Mild Physical Cues
Some cats need a little more emphasis to cut it out, when yelping out loudly has not worked to stop the behavior. Occasionally, it may be necessary to push the cat away from you when it bites you as you are calling out "No bite!" or "OUCH!". Then you might put the cat in time-out for a brief while, especially for repeat offenders. But the pushing is not a smack in any manner, nor hard enough to make the cat get flung away. This technique would not be used if the cat is seriously upset about something, as it will make the cat more upset.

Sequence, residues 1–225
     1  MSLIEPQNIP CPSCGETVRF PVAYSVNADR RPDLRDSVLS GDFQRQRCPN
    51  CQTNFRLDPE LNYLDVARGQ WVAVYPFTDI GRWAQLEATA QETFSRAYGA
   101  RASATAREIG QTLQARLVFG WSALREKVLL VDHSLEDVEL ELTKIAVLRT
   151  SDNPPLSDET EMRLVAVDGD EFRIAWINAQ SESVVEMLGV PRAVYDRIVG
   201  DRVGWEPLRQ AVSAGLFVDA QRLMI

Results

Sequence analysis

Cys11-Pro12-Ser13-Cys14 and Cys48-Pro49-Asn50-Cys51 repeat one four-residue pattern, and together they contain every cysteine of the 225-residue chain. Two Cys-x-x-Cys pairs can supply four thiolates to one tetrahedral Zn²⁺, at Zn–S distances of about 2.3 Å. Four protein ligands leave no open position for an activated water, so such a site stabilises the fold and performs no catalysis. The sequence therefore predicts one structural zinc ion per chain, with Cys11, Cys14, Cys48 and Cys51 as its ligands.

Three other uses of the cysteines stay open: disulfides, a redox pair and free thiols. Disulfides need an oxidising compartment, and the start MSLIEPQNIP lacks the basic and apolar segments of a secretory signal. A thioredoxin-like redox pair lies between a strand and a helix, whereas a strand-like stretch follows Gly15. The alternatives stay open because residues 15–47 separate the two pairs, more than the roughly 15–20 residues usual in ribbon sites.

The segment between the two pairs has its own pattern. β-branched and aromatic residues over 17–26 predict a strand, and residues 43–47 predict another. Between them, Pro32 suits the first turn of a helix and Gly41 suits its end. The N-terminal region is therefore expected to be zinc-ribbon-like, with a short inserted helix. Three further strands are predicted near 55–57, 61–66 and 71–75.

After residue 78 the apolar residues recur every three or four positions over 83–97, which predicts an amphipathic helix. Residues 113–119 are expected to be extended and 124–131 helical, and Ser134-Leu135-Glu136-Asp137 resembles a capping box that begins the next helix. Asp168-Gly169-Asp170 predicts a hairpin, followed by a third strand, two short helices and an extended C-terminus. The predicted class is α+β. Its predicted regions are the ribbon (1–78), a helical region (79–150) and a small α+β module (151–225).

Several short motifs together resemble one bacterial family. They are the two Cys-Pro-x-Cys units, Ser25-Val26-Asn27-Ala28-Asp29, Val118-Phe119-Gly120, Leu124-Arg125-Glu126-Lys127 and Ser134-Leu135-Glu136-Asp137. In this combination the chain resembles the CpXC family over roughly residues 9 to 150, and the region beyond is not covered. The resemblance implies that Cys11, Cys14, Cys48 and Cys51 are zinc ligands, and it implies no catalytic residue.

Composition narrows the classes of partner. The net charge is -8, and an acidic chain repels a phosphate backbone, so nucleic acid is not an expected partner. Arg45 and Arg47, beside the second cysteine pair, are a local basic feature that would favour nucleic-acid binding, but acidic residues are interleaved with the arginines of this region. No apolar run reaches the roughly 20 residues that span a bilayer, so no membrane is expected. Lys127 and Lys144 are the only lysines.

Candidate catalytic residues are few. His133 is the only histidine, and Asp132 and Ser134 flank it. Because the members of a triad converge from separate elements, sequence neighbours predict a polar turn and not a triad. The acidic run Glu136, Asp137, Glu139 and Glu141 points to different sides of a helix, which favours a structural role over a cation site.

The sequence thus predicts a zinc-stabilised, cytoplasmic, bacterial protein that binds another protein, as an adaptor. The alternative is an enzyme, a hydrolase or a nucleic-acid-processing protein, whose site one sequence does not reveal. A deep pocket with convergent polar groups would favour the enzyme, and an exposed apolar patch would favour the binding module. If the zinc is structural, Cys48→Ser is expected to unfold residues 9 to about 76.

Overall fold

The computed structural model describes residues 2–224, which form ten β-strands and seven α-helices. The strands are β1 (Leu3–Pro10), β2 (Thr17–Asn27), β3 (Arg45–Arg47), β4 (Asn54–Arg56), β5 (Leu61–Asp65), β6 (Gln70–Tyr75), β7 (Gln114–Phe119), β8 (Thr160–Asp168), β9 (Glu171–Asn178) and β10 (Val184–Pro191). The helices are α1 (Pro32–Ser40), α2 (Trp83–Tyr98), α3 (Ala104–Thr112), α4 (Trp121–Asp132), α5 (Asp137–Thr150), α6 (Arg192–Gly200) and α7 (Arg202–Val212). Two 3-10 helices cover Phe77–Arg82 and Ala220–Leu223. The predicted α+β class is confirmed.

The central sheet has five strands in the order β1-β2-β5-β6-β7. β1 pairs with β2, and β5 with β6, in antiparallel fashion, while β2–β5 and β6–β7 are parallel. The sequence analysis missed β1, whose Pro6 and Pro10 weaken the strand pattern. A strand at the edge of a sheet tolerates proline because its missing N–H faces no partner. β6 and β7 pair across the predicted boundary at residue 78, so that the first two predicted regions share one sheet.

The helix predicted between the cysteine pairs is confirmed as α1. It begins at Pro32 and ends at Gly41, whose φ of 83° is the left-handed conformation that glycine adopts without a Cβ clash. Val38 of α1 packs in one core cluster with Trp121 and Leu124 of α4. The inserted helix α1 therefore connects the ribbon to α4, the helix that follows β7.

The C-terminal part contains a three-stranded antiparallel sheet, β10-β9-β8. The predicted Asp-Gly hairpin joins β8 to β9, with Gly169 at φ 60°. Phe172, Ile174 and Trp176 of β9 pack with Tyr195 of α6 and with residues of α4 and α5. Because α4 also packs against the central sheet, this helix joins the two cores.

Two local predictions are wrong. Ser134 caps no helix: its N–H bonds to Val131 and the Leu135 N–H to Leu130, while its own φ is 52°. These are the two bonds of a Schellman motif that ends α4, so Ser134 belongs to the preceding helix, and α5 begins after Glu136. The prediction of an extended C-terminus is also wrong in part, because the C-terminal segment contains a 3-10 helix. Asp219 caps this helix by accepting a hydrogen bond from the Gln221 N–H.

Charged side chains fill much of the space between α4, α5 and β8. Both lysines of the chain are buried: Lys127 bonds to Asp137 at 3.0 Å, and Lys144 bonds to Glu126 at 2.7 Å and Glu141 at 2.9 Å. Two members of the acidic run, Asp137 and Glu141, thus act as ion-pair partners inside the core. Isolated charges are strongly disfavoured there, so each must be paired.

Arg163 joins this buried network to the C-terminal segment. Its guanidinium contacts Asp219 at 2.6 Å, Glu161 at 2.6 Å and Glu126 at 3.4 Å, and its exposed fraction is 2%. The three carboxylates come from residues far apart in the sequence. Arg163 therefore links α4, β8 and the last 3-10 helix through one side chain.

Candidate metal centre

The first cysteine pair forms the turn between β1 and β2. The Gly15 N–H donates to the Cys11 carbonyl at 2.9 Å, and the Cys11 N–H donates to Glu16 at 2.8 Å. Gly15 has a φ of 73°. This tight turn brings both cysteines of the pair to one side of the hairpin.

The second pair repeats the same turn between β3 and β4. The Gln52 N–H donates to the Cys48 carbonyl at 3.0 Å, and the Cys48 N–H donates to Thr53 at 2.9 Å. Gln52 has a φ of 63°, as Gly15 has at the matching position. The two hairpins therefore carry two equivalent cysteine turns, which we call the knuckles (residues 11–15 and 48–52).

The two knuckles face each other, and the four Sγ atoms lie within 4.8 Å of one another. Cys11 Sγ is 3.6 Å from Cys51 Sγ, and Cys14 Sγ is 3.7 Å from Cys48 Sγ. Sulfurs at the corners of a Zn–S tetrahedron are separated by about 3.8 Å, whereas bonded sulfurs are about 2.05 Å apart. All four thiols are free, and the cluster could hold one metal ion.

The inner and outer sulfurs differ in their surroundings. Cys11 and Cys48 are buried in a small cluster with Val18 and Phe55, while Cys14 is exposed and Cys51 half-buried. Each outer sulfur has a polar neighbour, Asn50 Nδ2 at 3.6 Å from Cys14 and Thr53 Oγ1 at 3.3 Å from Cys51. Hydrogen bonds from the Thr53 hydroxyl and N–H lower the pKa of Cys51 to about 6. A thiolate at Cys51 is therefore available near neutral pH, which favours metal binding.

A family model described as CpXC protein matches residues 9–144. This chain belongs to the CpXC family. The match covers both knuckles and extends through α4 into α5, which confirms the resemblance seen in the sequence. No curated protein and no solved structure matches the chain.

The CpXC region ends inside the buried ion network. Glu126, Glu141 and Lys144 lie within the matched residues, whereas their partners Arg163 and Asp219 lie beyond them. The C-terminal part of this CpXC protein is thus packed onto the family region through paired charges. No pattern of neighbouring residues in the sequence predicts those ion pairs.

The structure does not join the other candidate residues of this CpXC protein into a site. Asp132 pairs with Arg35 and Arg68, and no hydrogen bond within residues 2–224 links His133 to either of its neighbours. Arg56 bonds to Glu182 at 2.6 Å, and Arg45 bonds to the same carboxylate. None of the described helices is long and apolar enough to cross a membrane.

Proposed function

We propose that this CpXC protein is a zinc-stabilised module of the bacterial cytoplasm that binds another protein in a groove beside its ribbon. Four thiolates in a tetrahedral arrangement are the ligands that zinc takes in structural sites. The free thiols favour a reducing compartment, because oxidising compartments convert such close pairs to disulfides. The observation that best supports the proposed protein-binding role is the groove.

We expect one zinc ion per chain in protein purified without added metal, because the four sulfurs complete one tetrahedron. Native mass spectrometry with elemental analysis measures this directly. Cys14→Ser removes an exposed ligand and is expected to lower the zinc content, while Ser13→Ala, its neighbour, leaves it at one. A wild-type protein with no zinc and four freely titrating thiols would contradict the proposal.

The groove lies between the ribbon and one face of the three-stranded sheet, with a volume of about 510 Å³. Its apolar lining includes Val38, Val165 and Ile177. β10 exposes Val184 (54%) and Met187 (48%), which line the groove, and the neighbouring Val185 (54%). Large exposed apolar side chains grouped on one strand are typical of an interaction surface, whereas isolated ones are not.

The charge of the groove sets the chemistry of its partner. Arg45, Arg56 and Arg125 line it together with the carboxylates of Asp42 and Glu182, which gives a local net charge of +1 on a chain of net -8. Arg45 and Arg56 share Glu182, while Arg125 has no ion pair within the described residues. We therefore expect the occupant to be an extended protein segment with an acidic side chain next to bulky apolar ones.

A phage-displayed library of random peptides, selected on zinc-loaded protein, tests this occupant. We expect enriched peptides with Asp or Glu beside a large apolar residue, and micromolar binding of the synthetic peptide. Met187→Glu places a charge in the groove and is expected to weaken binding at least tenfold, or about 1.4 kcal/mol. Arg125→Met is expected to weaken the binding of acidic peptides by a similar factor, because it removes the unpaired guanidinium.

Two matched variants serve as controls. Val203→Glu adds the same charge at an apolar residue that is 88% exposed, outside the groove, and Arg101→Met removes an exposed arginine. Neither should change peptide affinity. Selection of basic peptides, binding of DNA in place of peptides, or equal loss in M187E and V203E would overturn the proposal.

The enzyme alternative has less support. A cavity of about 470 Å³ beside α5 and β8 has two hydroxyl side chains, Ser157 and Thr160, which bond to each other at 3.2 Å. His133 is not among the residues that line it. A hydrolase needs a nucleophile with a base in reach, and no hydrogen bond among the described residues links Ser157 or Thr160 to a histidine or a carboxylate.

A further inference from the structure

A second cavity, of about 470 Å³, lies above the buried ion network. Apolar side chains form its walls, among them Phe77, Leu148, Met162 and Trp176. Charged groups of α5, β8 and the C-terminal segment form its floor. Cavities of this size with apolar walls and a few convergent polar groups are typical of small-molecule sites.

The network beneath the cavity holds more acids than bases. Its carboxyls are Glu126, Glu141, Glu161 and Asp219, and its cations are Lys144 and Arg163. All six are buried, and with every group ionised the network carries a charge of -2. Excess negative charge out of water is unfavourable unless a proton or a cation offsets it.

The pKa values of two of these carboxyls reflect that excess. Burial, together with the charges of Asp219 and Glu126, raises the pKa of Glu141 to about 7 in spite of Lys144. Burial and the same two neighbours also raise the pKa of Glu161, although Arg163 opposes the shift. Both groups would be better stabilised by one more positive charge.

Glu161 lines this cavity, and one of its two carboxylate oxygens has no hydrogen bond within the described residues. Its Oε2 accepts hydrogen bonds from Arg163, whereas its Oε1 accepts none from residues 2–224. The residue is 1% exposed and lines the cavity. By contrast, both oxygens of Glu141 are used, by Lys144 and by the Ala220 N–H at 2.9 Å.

There is a method of disciplining cats that is similar to what mother cats do, often referred to as "scruffing" or the "hold down". You do not lift the cat off his feet, but simply hold him down onto whatever surface he is on by gently grasping the scruff. You do not press the cat hard or shake him around in anger. It is just holding him in one place for a few seconds, to show that you are the "mother", the big boss cat. It is actually a sort of time-out, a time-out from the cat being able to play. This can be effective with young kittens and some cats to help them stop biting in play, but, it should not be the first choice. With a "cocky" very assertive older kitten or an adult cat, you must take care when trying scruffing, as such cats will object to it since they do not want to be controlled, and often will quickly turn around trying to scratch you in protest as soon as you let go. So move your hand away very quickly after holding down a bold, assertive cat!